Infertility may have profound psychological effects. The man and/or woman may become more anxious to conceive, ironically increasing sexual dysfunction. Marital discord often develops in infertile couples, especially when they are under pressure to make medical decisions. Women trying to conceive often have clinical depression rates similar to women who have heart disease or cancer. In many cultures and subcultures the inability to conceive bears a stigma. In closed social groups, a degree of rejection (or a sense of being rejected by the couple) may cause considerable anxiety and disappointment. The psychological aspects of Infertility can be dealt with in individual and couples counseling with a mental health professional such as a psychologist, psychiatrist, or clinical social worker who are trained as Fertility Management Counselor. The more you understand about Infertility and your options, the better you can cope with its effects.
A trained Counselor is a professional who has the following academic and technical skills and knowledge:
- A Master's or Doctoral degree from an accredited program in the field of counseling, psychology, psychiatry and social work.
- Knowledge of medical procedure in Infertility.
- Teach coping skills and strategies to alleviate anxiety due to Infertility
- Promote and maintain healthy marital relations during the treatment
- Guide couple to manage external family pressure
- If sadness is prolonged and how it may impact the Infertility treatment process
- Your reproductive endocrinologist recommends or requires you to see a Counselor before certain treatments to prepare you, like when deciding to use an egg or sperm donor.
- Counselor specialized in Infertility counseling assist with stress management, providing patients with coping strategies to deal with the psychological stress of Infertility and the physical and mental stress of undergoing AHR (Assisted Human Reproduction) treatments.
- Counselor encourage patients to be assertive in defining and meeting their needs within a system that can sometimes be intimidating.
- Counselor promote self-care during AHR treatments and work at maximizing treatment efficacy.
- Counselor enhance informed consent by helping couples to understand and comprehend what they are consenting to and the implications of their consent, including the psychosocial impact of undertaking treatment that contribute to informed consent.
Fertility Management Counseling can be provided in hospital and clinical settings.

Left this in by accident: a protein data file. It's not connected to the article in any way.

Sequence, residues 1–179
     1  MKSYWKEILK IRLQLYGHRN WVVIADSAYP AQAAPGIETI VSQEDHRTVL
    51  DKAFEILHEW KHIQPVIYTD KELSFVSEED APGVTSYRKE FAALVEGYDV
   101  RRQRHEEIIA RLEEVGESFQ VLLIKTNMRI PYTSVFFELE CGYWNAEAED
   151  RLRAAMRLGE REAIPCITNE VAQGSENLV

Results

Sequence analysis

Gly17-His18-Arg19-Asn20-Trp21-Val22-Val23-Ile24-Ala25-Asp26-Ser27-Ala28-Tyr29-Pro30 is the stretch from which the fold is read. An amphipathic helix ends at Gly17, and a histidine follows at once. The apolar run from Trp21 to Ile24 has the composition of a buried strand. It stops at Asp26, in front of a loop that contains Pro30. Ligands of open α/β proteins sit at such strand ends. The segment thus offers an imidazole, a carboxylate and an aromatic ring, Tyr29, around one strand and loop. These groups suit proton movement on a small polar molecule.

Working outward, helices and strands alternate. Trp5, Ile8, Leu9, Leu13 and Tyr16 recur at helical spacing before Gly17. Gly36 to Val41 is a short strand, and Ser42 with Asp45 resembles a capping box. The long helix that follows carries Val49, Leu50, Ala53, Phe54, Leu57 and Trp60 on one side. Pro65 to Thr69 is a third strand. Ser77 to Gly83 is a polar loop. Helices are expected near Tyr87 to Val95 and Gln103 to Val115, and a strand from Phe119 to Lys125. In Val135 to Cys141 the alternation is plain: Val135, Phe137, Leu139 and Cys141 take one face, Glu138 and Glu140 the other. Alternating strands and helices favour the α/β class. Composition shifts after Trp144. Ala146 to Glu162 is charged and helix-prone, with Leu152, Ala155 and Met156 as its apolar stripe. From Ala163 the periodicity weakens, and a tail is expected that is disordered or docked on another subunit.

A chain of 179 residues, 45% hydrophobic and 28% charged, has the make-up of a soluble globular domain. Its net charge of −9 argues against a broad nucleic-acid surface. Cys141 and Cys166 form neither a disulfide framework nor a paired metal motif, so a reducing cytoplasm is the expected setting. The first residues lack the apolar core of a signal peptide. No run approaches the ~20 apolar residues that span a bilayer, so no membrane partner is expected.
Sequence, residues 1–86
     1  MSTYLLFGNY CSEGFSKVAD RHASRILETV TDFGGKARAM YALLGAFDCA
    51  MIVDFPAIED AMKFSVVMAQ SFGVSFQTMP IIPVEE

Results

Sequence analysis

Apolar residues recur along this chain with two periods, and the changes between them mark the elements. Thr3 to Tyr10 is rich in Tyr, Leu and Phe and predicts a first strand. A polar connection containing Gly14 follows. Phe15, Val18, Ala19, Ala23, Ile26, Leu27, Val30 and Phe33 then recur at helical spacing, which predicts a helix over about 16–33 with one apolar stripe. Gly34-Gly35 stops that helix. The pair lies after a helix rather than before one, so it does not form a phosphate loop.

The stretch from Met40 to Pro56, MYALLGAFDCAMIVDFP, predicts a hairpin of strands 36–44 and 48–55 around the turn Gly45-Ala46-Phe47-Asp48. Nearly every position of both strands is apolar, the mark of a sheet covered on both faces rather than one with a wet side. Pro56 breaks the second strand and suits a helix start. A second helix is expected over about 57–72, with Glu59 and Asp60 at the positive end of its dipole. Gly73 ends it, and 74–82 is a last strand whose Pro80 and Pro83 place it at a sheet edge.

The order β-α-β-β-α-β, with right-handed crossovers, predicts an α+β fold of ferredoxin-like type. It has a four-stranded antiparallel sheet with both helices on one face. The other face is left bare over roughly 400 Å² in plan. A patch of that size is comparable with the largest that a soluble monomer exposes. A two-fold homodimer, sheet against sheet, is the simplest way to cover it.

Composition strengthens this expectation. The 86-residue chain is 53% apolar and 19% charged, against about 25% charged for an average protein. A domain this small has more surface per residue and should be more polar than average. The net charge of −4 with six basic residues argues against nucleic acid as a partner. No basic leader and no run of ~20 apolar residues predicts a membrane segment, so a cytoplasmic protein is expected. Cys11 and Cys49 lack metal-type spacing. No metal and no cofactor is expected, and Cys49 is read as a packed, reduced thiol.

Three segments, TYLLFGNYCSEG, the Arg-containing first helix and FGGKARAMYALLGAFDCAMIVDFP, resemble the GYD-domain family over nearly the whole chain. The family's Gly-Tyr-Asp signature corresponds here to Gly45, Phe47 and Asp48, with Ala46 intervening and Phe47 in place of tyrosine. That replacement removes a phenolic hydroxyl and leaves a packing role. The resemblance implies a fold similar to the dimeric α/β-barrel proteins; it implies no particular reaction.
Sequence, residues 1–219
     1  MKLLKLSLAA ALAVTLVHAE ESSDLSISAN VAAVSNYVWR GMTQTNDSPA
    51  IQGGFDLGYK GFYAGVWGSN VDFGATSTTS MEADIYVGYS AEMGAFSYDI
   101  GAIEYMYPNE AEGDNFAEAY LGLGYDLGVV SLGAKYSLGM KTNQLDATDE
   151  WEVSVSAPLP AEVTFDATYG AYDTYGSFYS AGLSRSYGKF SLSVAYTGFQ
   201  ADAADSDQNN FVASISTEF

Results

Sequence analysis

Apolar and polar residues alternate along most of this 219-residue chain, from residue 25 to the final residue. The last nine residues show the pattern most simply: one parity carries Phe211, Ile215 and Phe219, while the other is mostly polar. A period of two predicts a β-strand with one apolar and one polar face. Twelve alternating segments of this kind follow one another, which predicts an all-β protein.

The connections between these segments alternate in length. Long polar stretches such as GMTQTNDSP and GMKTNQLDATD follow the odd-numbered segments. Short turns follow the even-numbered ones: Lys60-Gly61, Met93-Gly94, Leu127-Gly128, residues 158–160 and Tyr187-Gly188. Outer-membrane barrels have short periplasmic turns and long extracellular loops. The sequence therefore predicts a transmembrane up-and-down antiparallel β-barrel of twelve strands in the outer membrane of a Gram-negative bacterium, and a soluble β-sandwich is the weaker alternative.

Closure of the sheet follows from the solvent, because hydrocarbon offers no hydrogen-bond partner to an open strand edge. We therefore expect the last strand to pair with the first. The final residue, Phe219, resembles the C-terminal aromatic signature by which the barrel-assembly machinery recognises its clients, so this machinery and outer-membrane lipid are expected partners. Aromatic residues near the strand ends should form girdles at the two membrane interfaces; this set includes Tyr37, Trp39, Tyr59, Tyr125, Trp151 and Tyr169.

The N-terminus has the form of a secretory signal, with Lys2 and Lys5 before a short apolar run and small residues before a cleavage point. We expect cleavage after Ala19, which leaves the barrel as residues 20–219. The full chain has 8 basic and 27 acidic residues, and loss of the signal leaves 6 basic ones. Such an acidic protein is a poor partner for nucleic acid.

- One to two hour on-site counseling sessions are provided for couples and individuals.
- Also, one hour health focus sessions are offered by nurses, embryologists and Counselor for in-vitro fertilization (IVF) treatments. For donor insemination (Dl) patients using known donors, Infertility counseling can be initially offered to the known donor (and partner if applicable), followed up by a session with both the patient/partner and the donor/donor’s partner.
- Where timing for the provision of counseling services is concerned, a patient is counseled before entering into a treatment process. However, counseling can also be provided during or after a cycle as well as enough post-treatment counseling is being done.
Bloom Healthcare is a ONE-STOP-SOURCE for a COMPREHENSIVE fertility care.
We offer quality care through a team of highly qualified and well-experienced medical specialists in reproductive medicine, sexual medicine, andrology, clinical embryology, endocrinology and sonology. Bloom has also gota psychologist, counselor and dietitian to support couples through the fertility journey and enhance the fertility outcome.
Bloom has been a blessing for me. I happened to visit Bloom as a coincidence and ever since my first visit Dr. Kavitha Gautham and her staff have made it worthy. Dr. Kavitha is very friendly and has patience in spending her time to explain to you all of your questions. Infact there was once she has to catch a flight in next 2 hours but she spent enough time without any rush to attend me, such is the case she gives her patients.
The staffs at Bloom perfectly complement Dr. Kavitha's empathy for her patients. The staff and nurses are very friendly and always helps you with a smile and a very cordial environment. The treatment I get at Bloom is ‘A’ Class and confident that it is the best in class having tried a few other hospitals myself. I would recommend Bloom to anybody with utmost confidence.